Over the last three years we've learned firsthand, the importance of having both the right injectors (our switch from 60 lb/hr injectors to 150 lb/hr squirters took our project '86 T-top coupe's blown 350 from 762 ponies and 100-percent duty cycle at 5,500 rpm, to 830 horses at the feet, without coming anywhere near maximum duty cycle), as well as using the right-size mass-air meter for dialing-in a big-horsepower, blow-through-supercharged (mass air positioned after the blower) modular engine (tuning for street driveability proved to be futile with a Lightning-style meter on our '02 GT's ProCharger-boosted, Two-Valve, until we completely reconfigured the inlet system to draw-through, and added a mondo, 110mm MAF/Ford GT sensor combination that is capable of handling more air).

We've seen plenty of Internet discussions (and misconceptions) about mass-air meters and the "calibration" that many enthusiasts believe mass air meters require when fuel-injector upgrades are made. By calibrating a mass-air, the idea is to achieve Zenlike harmony between the meter, the fuel-injectors' advertised flow rate and a 'Stang's processor. With all factors working together, the mass air is able to generate an accurate voltage signal (per the air mass entering the engine) across the engine's rpm range. Missing on that calibration can cause a meter's voltage to max out before airflow does. This annoyance is called "pegging" the meter (at 5 volts), and when it happens, the processor thinks that airflow has ceased, and in turn the powertrain control module stops adding fuel, causing a lean air/fuel ratio that usually causes power suffers greatly, and the engine-damage monster to rear its ugly head-especially with a force-induced application. As we learned with our Two-Valve project 'Stang, when a mass-air sensor is set up in a blow-through induction system, the range is often reduced because of the smaller intercooler pipe size compared to the original mass-air sensor housing.

These three pigtails are the keys to applying a single DBX to any '89 to '09 Mustang equipped with a factory mass-air wiring connector. From left-to-right are harnesses for: '05-'09, '96-'04, and '89-'95 Ponies.

Doug Wallace, the man who developed Abaco Performance's new DBX mass-air meters, and our friend (and Abaco dealer) Rick Anderson, disagree with the notion that boosted vehicles need a larger mass air with more airflow metering range, and also feel that calibrating a mass air specifically for injectors is not the proper way to tune a fuel-injected Mustang. The mass-air meter controls fuel injectors. So, if injector flow is the only variable that is addressed with a meter, load scaling in the PCM will undoubtedly be jacked. For a long time, popular belief was that a mass air should be dialed-in through PCM tuning. However, with DBX, the meter's calibrations are the only settings that are changed, using software that is downloaded from the company's Web site, and a database of programs for EEC-IV, EEC-V, and Oak-era (Spanish, Silver, and Black) electronics that have been developed with consideration for an aftermarket air-intake tube of some sort, and any type of injector package you can think of.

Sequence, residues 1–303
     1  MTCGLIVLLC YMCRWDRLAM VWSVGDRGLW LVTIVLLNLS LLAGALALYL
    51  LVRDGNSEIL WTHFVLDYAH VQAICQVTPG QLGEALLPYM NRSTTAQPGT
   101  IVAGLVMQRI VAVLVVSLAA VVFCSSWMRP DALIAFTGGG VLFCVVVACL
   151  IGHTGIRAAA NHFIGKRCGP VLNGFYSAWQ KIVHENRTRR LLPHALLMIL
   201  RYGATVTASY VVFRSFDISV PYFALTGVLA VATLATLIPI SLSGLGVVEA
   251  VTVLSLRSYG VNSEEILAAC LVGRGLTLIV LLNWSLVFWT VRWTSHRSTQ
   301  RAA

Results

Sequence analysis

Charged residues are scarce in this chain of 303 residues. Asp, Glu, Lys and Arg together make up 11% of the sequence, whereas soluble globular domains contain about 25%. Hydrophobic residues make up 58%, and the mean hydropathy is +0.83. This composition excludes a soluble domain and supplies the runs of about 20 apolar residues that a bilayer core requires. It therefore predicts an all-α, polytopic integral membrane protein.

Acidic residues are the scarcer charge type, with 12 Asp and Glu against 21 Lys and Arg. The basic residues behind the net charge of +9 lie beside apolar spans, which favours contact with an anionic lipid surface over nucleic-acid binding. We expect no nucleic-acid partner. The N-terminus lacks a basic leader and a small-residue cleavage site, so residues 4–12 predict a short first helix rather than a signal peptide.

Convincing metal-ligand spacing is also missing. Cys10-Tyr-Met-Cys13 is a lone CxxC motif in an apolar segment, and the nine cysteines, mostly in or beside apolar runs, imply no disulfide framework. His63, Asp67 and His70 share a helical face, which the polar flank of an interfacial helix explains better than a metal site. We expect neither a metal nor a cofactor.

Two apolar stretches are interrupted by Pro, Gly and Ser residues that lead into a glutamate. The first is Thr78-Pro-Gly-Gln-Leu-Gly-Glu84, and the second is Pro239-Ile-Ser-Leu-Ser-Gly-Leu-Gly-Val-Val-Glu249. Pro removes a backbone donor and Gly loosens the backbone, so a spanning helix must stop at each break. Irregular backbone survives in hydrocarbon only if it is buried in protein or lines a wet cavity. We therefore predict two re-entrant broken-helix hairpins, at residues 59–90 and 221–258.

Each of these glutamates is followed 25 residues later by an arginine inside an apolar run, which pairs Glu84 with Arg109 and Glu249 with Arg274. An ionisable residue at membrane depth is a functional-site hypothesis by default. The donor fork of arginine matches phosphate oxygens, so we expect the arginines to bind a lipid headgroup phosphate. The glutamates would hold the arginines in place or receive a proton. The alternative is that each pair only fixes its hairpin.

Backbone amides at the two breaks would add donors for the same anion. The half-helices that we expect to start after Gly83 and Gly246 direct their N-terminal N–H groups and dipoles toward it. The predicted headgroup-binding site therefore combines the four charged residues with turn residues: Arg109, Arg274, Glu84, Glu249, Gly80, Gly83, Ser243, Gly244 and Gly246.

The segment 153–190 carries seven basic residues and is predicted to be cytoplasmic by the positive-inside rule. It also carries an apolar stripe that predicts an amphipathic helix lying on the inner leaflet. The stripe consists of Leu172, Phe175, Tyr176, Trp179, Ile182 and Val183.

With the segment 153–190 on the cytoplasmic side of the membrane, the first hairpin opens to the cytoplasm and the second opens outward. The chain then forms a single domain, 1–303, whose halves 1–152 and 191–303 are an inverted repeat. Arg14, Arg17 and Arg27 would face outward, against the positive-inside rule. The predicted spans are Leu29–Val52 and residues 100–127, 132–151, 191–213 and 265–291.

"This is a meter that will grow with any application," says Rick. "If you have this meter on your '89 Mustang and then you go and buy a new '09, all you have to do is take the meter off the 5.0 engine and transfer it onto your new car, buy the new harness, plug it in and recalibrate it."

Seems "too easy," doesn't it? Read on through the following photos and captions to learn about our experience with DBX, during your tech editor's late-summer visit to Anderson Ford Motorsport, located deep in the cornfields of Clinton, Illinois.

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"Depending on injector size, a mass air usually operates below 2.5 volts in basic, street-driving conditions. Signals between 2.5 and 5 volts are attributed to wide-open-throttle and really aggressive driving," Rick says. "With today's Mustangs, the PCM's Adaptive Learning doesn't change below 3,000 rpm, but we can change it from 3,000 to WOT using DBX." This is a shot of the DBX software's advanced tuning screen, which is used for reading or modifying base mass air voltage tables (the software contains data for all '89-'09 Mustangs, including Cobras) to suit the needs of your car. Making fuel-trim adjustments-through mass-air voltage alone-with this tool is done in similar fashion to changing audio frequencies with a stereo system's graphic equalizer. The slides below the graph are moved up or down to increase or decrease voltage amounts for a richer or leaner fuel trim. Changes are represented in the "V Out 1" column, which represents the mass air's new voltage output, per number of kilograms-per-hour of airflow.